In Under 15 the next day, Ryan was in a group of three. As luck would have it, he had Girlinger again - and in his first match Thursday morning! The match was at 9:30 AM, which is 3:30 AM Maryland time, and since Ryan had just gotten killed by him in his last match the night before, I was worried about this match. But Ryan and I discussed tactics (shh!), and this time he played much, much better in a spectacular match by both players - but oh, how the Lords of Fate conspired against Ryan!!! In game one, at 9-10, Girlinger gets an edge to win. In game two, at 10-all, he gets another edge, and wins 12-10. At this point Ryan is beyond frustration, but he's playing well - and with nothing to lose, he lets loose in the third, winning 11-4. Game four is close all the way, but Girlinger pulls away at the end and wins, 9,10,-4,8. But now Ryan is playing well - only thing is, the tournament is almost over for him. But not only did he get some redemption from that poorly played match on Wednesday night, he also, as I pointed out to him, played dead even with Girlinger this time, as the two ended up tied in points, 38-38. Oh, those edges! (The online listing has Ryan losing the fourth 11-7, but it was 11-8.)
In his second match, he played Mihai Nagy of Romania, and player he knew well from the previous Hopes Camp and Tournament in Jordan, and who would also be in the upcoming Hopes Camp. They played a great dead-even match, but alas, the Romanian pulled it out, -9,10,-12,8,9. So Ryan was done with the tournament.
=>PART 3: Time Off
We now had two days off before the ITTF Hopes Camp would start on Sunday. We spent Friday mostly at the venue where Ryan practiced much of the day with Emmanuel and did serve and receive practice with me. He also did a lot of homework. We also discovered the four local pizza places - we'd eat at all of them. (We ordered a pepperoni pizza at the first place - and due to some miscommunication, we got a pizza covered with hot peppers! But we picked them out and it was very good.) Throughout our stay meals were served at the playing venues for free, but sometimes we wanted something different. On our off days, we would have to take a 15-minute bus ride each way to get the meals, so we had pizzas.
On Saturday, Ryan and I walked one mile and toured the Linz Castle and Museum. (The Wikipedia article is rather sparse, and doesn't mention that it's mostly a museum now.) Then we went to the Zoo Linz! Lots to see there. The he and Emmanuel played video games the rest of the day while I read and did some writing.
=>PART 4: ITTF Hopes Camp
[Here is the ITTF article on the camp, which went up on Tuesday: Hopes Squad Assembles in Linz.]
What a great job by Massimo "Max" Costantini (ITTF High Performance Elite Coach, ITA) and Dominique Plattner (AUT)! This was my third ITTF Hopes Camp with them, following ones in Ecuador and Jordan last year. Everything was well organized, they kept discipline (not easy with a pack of 12-year-olds), and of course the training was once again excellent. They were not only great in the training, but very helpful outside of training - they helped arrange our Covid tests, make changes in our train schedule, and other issues.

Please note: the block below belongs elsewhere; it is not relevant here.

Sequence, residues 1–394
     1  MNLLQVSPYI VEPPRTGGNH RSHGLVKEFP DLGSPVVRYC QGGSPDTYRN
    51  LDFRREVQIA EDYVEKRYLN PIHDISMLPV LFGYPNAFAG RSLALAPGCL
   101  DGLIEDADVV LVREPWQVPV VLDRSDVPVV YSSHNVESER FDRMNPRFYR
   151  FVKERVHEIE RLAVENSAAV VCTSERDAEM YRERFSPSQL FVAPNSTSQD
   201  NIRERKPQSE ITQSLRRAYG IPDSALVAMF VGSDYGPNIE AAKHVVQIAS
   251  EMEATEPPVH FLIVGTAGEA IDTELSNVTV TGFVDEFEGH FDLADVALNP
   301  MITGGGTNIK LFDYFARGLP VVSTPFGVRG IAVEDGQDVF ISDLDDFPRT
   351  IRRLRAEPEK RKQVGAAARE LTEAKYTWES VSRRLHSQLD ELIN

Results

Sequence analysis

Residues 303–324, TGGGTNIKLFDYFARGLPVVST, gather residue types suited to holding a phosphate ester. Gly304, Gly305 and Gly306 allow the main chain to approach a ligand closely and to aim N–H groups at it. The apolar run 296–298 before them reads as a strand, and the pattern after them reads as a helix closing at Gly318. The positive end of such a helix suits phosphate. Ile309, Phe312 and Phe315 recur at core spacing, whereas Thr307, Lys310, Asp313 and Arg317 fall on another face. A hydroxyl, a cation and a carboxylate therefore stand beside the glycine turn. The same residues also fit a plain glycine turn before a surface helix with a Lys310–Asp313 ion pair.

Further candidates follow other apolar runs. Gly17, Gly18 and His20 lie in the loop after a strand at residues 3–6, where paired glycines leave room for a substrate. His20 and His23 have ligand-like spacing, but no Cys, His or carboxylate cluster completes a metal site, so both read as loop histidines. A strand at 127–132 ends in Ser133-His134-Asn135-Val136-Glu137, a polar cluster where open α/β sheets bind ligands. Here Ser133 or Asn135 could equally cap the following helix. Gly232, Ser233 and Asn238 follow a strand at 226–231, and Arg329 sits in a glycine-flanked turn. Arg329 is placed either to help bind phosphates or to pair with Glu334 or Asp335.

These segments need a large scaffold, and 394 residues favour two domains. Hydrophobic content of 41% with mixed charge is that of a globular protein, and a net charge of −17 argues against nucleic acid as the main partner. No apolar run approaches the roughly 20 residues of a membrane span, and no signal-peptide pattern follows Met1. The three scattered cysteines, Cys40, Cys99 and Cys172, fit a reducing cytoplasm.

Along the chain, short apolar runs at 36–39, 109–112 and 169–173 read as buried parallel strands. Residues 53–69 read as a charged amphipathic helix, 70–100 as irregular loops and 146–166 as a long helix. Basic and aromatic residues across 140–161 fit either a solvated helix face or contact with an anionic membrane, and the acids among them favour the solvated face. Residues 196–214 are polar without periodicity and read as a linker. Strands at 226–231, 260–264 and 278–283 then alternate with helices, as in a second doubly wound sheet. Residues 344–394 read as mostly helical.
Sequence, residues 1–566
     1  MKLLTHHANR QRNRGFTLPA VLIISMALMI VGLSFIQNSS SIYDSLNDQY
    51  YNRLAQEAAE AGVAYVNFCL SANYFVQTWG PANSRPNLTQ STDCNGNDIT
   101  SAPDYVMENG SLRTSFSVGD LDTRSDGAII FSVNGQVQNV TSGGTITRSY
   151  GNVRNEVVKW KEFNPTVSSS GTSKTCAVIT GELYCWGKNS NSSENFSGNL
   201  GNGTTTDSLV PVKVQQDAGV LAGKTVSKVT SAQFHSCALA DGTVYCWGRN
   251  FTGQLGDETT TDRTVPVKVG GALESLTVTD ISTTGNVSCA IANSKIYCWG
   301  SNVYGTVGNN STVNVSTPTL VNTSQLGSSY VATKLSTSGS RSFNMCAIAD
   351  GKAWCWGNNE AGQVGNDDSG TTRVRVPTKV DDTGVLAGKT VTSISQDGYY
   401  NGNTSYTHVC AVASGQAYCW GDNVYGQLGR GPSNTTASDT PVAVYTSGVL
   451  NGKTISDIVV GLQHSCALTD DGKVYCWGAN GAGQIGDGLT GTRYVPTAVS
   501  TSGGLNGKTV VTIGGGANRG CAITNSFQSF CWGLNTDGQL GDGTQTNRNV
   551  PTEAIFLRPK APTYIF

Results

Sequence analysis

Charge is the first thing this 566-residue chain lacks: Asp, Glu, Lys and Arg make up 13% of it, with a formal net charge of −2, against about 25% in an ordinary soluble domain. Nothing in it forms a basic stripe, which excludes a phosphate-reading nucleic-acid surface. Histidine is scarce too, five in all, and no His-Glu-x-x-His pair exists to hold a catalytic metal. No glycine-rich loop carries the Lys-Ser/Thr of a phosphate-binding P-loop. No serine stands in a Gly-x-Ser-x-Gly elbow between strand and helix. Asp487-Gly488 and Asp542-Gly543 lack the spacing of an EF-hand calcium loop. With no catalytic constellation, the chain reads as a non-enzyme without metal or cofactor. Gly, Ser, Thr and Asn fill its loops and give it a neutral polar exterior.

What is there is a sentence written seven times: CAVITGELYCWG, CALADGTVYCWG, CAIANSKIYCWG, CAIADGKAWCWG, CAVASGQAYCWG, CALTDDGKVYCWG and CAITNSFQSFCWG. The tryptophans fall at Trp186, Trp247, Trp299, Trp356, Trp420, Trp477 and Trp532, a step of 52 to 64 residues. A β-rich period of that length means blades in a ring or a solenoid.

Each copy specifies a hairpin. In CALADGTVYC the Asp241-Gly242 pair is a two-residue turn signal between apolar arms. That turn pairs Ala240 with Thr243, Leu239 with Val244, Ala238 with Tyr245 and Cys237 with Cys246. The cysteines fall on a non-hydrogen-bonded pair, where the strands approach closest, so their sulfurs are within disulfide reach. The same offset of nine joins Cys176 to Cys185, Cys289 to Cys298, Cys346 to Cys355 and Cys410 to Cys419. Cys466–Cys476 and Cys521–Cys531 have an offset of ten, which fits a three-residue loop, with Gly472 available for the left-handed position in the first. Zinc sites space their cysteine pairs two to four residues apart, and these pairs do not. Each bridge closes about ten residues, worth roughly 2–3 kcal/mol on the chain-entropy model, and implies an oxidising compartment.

The physical training sessions were run by Dominique and Didi, the latter a top physical trainer and former boxer who had highly entertaining exercises for the kids - including some boxing practice!!! (No real punching except at targets.) Here's video (13 sec) of the physical training in the morning (13 sec), with Dominque running it.
The camp was held at the Linz AG Froschbert Sportpark Lissfeld, which has a full-time table tennis training center. There were 14 "official" players in the camp (most with their coaches present), with others brought in on a day-to-day basis, so we usually had 16 players. The players, mostly age 12 (a few 11 or 13) were from USA, Puerto Rico, Columbia, England, Austria, Romania, Hungary, Belgium, Czech Republic, South Africa, Tunisia, Iran, and Australia. There wasn't a weak link in the group, basically the best 12-year-olds in the world from Europe, Africa, Australia, and the Americas. They ranged from about 2100 to 2350 in level, with most of them (including Ryan) in the 2200 range.
With some daily variations, here was the basic training schedule:
- 7:40 AM: Meet in lobby for 15 minutes of outside physical training, then breakfast.
- 9:30 AM-12:30 PM: Training, including about 15 minutes of physical training at the start and finish.
- 4:00-7:30 PM: Training, including about 15 minutes of physical training at the start and finish.
The drills were varied and intense, and included lots of footwork and stroking drills, lots of serve and receive drills, and an hour of multiball training each afternoon, fed by the players' coaches. (So I fed to Ryan.) There were also several practice tournaments, so the kids got lots of match play as well. Ryan didn't play particularly well in the practice tournaments at first, but on the last day he exploded and played really well.